ESL teachers need fun speaking fluency activities to get their students talking in class and enjoying themselves. Freya Dougan-Whaite, who teaches middle school in South Korea, reports back and tells us how she used this fun speaking game and the success she and her students all had.
How Freya uses this speaking fluency activity
First, here’s Freya on the game:
“Thank you for your Detective Game from your ESL Classroom Activities for Teens & Adults.
My middle school students in South Korea absolutely love this game! Their English level is relatively low, but this game gets them speaking, and they all have a great time! Of course, I drill the target questions and answers beforehand, and they do a great job. It’s wonderful to see my students so engaged.”
Choosing the thief
To choose the thief, I have the students close their eyes. Then I walk around the room and lightly touch a student’s elbow. They find it so exciting, and all desperately want to be the thief!
While the ‘detective’ does the rounds, they all try to get involved by analyzing my footsteps, like real detectives! It’s enjoyable as a teacher to watch this! Then, to add a twist to the game, I let one student be ‘detective’s assistant.’ They are allowed to select the ‘thief’ while the other students’ eyes are closed. My students love to shuffle around and try to throw other students off track!
Success at the school
I just wanted to share with you have much this game has added to my classroom. Today, our school opened its doors to parents and supervisors. I used this game for my lesson, and students were able to excel.
How to use the speaking fluency activity
- Category Step 2 speaking drill
- Group size Small group to a class of up to about 30
- Level Beginner to intermediate
- Materials None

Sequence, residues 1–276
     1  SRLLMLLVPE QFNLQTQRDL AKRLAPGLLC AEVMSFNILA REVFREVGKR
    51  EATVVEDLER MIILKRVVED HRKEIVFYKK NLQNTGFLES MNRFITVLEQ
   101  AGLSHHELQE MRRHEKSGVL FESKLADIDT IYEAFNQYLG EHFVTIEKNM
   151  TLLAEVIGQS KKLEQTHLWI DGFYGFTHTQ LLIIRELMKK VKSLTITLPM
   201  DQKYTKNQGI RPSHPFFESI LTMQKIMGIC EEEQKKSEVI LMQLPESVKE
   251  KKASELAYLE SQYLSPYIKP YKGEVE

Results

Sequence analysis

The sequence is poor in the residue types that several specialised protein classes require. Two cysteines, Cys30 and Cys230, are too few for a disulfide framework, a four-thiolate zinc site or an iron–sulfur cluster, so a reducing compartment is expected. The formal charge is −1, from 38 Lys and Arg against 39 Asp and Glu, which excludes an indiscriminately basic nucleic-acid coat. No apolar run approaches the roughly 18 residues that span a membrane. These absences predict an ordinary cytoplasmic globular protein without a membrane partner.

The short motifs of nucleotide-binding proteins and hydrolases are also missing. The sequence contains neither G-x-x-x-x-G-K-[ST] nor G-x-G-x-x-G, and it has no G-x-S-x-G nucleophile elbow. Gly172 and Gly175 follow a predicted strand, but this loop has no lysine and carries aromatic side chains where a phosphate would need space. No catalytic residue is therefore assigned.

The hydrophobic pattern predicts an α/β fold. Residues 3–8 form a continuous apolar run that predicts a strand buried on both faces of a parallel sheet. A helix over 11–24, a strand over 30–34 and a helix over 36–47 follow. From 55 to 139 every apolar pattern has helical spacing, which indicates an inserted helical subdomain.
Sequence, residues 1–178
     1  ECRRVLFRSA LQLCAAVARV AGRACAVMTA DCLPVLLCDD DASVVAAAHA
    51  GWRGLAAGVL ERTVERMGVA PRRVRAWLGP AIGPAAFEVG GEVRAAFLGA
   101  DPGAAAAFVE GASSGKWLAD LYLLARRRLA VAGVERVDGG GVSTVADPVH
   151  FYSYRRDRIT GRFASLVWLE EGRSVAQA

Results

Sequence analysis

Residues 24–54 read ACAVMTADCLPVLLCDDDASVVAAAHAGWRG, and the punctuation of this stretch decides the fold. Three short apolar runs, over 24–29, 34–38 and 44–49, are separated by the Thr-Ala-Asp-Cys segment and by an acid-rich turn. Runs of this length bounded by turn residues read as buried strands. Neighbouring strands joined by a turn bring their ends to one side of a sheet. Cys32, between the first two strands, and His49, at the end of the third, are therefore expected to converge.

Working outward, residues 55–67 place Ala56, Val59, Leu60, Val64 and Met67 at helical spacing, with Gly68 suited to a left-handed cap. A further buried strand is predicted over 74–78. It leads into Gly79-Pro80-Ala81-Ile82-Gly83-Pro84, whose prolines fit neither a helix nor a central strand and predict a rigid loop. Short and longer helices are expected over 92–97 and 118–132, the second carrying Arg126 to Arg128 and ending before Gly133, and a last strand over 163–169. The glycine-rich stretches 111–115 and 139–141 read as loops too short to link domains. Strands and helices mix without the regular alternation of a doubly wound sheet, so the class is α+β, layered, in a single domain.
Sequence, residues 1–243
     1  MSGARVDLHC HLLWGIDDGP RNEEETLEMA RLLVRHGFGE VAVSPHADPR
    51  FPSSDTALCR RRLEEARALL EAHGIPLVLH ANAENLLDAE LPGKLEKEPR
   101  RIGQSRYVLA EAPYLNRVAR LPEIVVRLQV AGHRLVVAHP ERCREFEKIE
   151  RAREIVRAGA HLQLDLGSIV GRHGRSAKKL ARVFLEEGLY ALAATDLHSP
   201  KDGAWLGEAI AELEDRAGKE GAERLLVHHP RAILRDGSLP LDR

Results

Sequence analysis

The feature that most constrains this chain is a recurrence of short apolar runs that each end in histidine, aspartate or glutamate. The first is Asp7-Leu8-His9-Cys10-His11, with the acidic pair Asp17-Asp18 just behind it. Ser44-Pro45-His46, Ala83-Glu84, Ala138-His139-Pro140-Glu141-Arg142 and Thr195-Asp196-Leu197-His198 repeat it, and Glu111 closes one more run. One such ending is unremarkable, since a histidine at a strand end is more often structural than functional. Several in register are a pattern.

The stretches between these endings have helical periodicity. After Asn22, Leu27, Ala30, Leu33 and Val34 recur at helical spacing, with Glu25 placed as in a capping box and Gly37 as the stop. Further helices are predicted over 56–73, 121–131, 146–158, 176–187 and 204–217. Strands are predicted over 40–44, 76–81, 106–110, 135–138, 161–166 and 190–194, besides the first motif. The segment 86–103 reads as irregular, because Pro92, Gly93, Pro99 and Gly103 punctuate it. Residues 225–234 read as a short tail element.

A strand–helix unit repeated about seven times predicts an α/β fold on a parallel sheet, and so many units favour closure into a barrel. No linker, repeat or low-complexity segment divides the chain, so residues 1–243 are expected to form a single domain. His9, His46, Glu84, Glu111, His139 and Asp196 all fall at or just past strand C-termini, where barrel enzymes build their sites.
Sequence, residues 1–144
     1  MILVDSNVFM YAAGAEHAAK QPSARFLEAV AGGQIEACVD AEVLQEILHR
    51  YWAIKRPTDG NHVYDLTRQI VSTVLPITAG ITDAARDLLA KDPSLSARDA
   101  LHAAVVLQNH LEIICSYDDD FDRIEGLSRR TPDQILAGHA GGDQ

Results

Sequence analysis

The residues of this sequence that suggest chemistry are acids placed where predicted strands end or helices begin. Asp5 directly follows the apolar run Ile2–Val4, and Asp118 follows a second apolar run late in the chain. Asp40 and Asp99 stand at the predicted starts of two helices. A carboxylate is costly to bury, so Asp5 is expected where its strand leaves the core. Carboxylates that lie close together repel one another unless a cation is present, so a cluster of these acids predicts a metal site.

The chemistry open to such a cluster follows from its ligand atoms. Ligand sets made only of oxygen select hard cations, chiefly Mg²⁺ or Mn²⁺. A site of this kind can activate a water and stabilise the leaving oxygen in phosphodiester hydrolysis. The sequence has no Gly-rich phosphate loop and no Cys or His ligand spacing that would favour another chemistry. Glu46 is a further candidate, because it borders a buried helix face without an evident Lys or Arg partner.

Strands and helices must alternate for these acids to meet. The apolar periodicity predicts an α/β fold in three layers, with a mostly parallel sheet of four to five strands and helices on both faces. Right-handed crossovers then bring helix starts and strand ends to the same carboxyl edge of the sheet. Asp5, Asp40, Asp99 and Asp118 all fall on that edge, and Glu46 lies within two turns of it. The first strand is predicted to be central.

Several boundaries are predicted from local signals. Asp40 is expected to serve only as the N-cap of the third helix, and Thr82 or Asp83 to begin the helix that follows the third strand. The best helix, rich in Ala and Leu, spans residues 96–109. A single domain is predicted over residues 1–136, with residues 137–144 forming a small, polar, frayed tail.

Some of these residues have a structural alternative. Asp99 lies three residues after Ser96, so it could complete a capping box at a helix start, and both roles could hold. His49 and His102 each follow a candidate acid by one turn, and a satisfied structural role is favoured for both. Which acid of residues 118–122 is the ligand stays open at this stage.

- Preparation None
How to play
One student is chosen to be the detective and one the thief. The detective has three chances to find the thief, which they do by asking one question to any three students. The question can take any form, such as ‘What is your name?’ or, ‘Where do you live?’ or, ‘What were you doing last night?’
The three students answer the questions accordingly, and if one of them is the thief, they must give himself up for arrest after answering the questions. If none of the students the detective chose for questioning are the thief, then it’s game over, and the thief got away. So now select a new thief and a new detective for the next round.
The above setup works well for a small group of students. However, if you have a larger group, then pick more thieves and detectives to ask and answer questions simultaneously to get more people are involved in speaking.
A way to spice the game up is to allow the detective to ask as many students as many questions as possible in a given time frame. If you have some kind of timer that ticks audibly, this adds an element of excitement. For example, allow the detective one minute to find the thief and then play another round with a different detective. If you divide the whole class into two teams, you can record which team finds the most thieves during the game.
Another way to use this same idea but within a different scenario is to reverse the procedure. Instead of the detective trying to find the thief, you could have a situation where the student asking the question does not want to find the culprit. For example, you could have a thief who robs your house if you speak to them. The questioner asks three students a question. If one of those three is the thief, the detective has their house robbed. That team, therefore, could lose a point.
Three great resource books for speaking fluency activities
Thanks for reading this post, and I hope you have fun with the game. Here are links my two excellent books, full of speaking fluency activities:
Online: ESL Online Games
I’m here to help if you need me; just comment on this blog, or use the contact page on this site. Looking forward to hearing from you soon,
All the best,
Shelley Ann Vernon